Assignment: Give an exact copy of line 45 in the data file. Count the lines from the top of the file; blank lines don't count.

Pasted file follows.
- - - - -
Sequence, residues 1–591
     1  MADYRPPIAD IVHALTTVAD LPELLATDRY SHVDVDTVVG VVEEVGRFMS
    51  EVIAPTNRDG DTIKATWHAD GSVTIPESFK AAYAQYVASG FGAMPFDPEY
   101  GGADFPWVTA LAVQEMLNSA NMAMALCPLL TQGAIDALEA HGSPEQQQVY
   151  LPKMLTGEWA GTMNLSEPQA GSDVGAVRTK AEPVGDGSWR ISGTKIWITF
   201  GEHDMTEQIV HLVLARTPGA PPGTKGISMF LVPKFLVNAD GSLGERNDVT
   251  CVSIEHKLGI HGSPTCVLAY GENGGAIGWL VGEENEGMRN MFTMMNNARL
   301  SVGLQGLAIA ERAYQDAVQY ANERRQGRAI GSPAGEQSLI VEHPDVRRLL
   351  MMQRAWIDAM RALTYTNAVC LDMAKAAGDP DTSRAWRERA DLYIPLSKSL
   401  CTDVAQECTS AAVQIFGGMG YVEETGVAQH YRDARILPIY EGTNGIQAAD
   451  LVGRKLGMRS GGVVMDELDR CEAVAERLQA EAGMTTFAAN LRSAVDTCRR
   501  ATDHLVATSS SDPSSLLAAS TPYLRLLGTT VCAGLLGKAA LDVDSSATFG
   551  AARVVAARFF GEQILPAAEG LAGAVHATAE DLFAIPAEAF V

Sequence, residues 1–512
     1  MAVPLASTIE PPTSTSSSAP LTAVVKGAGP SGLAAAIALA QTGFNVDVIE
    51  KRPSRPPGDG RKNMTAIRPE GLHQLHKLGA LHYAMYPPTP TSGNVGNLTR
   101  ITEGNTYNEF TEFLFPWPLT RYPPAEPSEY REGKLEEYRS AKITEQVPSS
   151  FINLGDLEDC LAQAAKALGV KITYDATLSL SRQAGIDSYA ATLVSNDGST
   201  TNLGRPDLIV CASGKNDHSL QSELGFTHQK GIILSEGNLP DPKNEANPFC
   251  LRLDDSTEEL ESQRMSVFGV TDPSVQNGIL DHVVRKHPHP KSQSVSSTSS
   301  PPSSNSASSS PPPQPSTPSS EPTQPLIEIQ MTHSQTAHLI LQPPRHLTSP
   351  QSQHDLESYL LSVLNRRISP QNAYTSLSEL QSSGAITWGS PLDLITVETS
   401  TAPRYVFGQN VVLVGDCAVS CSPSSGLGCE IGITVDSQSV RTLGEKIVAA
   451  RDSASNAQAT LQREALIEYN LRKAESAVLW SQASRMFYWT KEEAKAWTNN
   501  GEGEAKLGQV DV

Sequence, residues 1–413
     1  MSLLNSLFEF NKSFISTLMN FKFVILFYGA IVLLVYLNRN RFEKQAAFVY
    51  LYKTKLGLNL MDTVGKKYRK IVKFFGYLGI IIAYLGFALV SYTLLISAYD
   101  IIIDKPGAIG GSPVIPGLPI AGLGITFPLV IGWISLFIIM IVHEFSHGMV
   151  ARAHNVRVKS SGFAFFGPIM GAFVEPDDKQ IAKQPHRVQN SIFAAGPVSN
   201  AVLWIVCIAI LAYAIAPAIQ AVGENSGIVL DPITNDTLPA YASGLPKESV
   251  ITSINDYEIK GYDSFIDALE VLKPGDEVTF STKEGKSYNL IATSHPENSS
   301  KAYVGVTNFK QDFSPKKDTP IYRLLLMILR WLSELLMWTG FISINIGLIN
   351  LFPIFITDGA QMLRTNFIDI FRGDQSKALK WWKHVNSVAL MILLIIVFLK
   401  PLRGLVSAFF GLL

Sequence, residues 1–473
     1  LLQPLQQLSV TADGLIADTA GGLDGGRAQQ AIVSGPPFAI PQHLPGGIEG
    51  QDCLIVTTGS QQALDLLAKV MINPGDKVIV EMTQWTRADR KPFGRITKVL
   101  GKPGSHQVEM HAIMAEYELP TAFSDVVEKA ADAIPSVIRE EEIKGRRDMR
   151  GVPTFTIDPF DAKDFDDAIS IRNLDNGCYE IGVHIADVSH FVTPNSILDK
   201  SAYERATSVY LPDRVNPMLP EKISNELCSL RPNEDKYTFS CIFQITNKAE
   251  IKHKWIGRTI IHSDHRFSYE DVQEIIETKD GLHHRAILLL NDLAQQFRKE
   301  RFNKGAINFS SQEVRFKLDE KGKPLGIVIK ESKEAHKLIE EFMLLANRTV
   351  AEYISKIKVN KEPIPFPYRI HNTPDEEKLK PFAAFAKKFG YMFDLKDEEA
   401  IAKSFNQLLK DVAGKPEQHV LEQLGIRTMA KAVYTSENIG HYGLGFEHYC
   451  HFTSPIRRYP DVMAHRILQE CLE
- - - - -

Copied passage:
   401  IAKSFNQLLK DVAGKPEQHV LEQLGIRTMA KAVYTSENIG HYGLGFEHYC